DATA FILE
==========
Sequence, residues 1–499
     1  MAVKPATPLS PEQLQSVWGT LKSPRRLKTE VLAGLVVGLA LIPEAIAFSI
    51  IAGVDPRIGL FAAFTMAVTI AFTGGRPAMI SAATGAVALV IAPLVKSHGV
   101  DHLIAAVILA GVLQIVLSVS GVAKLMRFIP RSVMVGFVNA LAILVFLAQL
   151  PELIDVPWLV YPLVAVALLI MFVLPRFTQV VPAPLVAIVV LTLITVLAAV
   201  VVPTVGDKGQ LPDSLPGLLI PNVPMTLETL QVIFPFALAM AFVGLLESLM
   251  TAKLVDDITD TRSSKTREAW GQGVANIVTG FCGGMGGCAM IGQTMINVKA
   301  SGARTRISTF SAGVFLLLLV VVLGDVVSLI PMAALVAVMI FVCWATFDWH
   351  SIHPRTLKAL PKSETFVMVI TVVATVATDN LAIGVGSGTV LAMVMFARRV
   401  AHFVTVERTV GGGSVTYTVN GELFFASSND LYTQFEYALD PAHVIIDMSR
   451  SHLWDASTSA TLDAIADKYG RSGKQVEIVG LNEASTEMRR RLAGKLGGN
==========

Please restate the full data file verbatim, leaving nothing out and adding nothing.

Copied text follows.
Sequence, residues 1–499
     1  MAVKPATPLS PEQLQSVWGT LKSPRRLKTE VLAGLVVGLA LIPEAIAFSI
    51  IAGVDPRIGL FAAFTMAVTI AFTGGRPAMI SAATGAVALV IAPLVKSHGV
   101  DHLIAAVILA GVLQIVLSVS GVAKLMRFIP RSVMVGFVNA LAILVFLAQL
   151  PELIDVPWLV YPLVAVALLI MFVLPRFTQV VPAPLVAIVV LTLITVLAAV
   201  VVPTVGDKGQ LPDSLPGLLI PNVPMTLETL QVIFPFALAM AFVGLLESLM
   251  TAKLVDDITD TRSSKTREAW GQGVANIVTG FCGGMGGCAM IGQTMINVKA
   301  SGARTRISTF SAGVFLLLLV VVLGDVVSLI PMAALVAVMI FVCWATFDWH
   351  SIHPRTLKAL PKSETFVMVI TVVATVATDN LAIGVGSGTV LAMVMFARRV
   401  AHFVTVERTV GGGSVTYTVN GELFFASSND LYTQFEYALD PAHVIIDMSR
   451  SHLWDASTSA TLDAIADKYG RSGKQVEIVG LNEASTEMRR RLAGKLGGN